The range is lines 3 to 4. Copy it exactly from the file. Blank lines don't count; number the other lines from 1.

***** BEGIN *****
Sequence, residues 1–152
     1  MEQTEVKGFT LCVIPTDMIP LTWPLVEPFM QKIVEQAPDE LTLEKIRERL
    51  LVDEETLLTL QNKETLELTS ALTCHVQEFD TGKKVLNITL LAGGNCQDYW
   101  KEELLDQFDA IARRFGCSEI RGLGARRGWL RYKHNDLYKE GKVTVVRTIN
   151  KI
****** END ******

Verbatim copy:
    51  LVDEETLLTL QNKETLELTS ALTCHVQEFD TGKKVLNITL LAGGNCQDYW
   101  KEELLDQFDA IARRFGCSEI RGLGARRGWL RYKHNDLYKE GKVTVVRTIN